deemed complete only at the transferor's death, if he reserves power to revoke
or alter exercisable jointly with another.


The respondent insists that a power to recall an absolute and complete gift only


The respondent insists that a power to recall an absolute and complete gift only
with the consent of the donee is in truth no power at all; that in such case the
so-called exercise of the power is equivalent to a new gift from the donee to the
donor. And so it is claimed that the statute arbitrarily declares that to exist
which in fact and law is nonexistent. The position is untenable. The purpose of
Congress in adding clause (d) to the section as it stood in an earlier act was to
prevent avoidance of the tax by the device of joining with the grantor in the
exercise of the power of revocation some one who he believed would comply
with his wishes. Congress may well have thought that a beneficiary who was of
the grantor's immediate family might be amenable to persuasion or be induced
to consent to a revocation in consideration of other expected benefits from the
grantor's estate. Congress may adopt a measure reasonably calculated to
prevent avoidance of a tax. The test of validity in respect of due process of law
is whether the means adopted is appropriate to the end. A legislative
declaration that a status of the taxpayer's creation shall, in the application of the
tax, be deemed the equivalent of another status falling normally within the
scope of the taxing power, if reasonably requisite to prevent evasion, does not
take property without due process. But if the means are unnecessary or
inappropriate to the proposed end, are unreasonably harsh or oppressive, when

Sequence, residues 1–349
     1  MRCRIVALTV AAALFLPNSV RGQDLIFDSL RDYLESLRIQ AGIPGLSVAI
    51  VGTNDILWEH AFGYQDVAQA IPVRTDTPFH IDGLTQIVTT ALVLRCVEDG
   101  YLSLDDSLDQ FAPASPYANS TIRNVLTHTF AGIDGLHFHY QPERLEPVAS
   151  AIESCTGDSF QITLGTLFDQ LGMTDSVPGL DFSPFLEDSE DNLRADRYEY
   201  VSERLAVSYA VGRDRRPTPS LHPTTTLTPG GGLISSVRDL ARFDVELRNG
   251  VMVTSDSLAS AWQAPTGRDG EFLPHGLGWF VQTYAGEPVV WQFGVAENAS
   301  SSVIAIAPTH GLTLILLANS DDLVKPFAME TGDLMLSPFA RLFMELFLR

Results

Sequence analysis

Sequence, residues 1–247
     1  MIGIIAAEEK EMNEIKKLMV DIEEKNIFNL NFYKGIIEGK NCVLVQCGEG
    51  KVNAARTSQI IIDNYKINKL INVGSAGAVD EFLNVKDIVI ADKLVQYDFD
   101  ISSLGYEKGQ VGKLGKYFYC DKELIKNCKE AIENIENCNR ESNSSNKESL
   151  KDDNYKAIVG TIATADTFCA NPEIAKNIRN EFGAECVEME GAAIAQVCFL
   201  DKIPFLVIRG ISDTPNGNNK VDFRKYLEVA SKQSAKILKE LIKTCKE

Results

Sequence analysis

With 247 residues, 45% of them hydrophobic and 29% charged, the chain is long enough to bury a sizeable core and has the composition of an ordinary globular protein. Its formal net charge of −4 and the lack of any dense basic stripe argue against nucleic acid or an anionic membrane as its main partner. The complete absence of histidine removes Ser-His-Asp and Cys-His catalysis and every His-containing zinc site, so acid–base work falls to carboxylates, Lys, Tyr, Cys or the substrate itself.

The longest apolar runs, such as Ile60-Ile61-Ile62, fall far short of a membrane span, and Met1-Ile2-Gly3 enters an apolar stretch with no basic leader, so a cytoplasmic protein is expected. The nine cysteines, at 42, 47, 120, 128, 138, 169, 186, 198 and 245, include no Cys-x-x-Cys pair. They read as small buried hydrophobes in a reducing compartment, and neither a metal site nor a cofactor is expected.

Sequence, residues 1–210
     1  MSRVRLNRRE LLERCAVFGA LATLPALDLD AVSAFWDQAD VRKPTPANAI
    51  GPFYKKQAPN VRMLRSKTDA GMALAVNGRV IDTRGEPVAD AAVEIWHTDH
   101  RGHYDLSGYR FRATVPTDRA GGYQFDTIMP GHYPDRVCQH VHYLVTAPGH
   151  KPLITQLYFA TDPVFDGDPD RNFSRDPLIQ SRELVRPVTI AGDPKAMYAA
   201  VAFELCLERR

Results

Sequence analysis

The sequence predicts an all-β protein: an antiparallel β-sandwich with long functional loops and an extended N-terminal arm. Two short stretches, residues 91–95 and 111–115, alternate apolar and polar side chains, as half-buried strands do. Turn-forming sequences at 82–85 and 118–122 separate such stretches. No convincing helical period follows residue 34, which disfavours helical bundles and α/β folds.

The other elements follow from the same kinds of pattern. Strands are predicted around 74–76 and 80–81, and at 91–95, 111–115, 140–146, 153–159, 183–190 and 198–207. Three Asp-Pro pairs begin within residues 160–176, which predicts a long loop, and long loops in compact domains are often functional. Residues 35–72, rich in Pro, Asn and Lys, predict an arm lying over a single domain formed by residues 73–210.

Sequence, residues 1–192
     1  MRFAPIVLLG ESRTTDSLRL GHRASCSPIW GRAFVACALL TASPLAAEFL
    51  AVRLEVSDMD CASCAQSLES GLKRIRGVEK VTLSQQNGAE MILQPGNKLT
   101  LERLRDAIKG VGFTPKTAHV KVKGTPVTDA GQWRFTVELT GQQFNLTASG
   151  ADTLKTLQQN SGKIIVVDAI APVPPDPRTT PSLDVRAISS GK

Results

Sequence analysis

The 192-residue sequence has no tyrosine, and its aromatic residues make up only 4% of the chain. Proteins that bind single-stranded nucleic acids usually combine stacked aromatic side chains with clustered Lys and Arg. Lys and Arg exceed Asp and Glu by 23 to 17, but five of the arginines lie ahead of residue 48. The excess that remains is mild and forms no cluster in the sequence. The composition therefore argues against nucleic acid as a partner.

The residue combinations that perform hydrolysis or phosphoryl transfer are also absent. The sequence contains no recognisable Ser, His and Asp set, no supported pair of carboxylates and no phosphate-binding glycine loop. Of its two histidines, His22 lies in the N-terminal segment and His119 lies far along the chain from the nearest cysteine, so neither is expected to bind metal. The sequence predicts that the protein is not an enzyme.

viewed in the light of the expected benefit, or arbitrarily ignore recognized
rights to enjoy or to convey individual property, the guarantee of due process is


Illustrations are not lacking of cases falling on either side of the line.


Congress may require that property transferred in contemplation of death,

although the transfer is so remote in time as not to comply with the
requirements of a gift causa mortis, shall nevertheless be treated as part of the
estate for purposes of taxation; this for the prevention of evasion and the giving
of practical effect to the exercise of admitted power.12 This is true despite the
fact that the statutory prescription embraces gifts inter vivos which are in fact
fully executed, irrevocable, and cannot be defeated.13


Although property received by gift from another is capital in the hands of the
donee, the gain upon a sale may be measured by the cost to the donor rather
than the value at the time of acquisition by the donee.14


It is competent for Congress, in order to avoid the evasion of tax, to declare

that when one has placed his property in trust subject to a right of revocation in
himself and another who is not the beneficiary he shall, nevertheless, be
deemed to control the property in such sense that the income therefrom shall be
treated as his income for the levying of a tax.15 So, also, where an irrevocable

trust is established to pay for insurance on the settlor's life, to collect the policy
upon his death, and to hold or apply the proceeds for the benefit of his
dependents, Congress may declare the income of the trust fund taxable to the
settlor as part of his own income.16

In the instances cited, the power to levy an excise upon the testamentary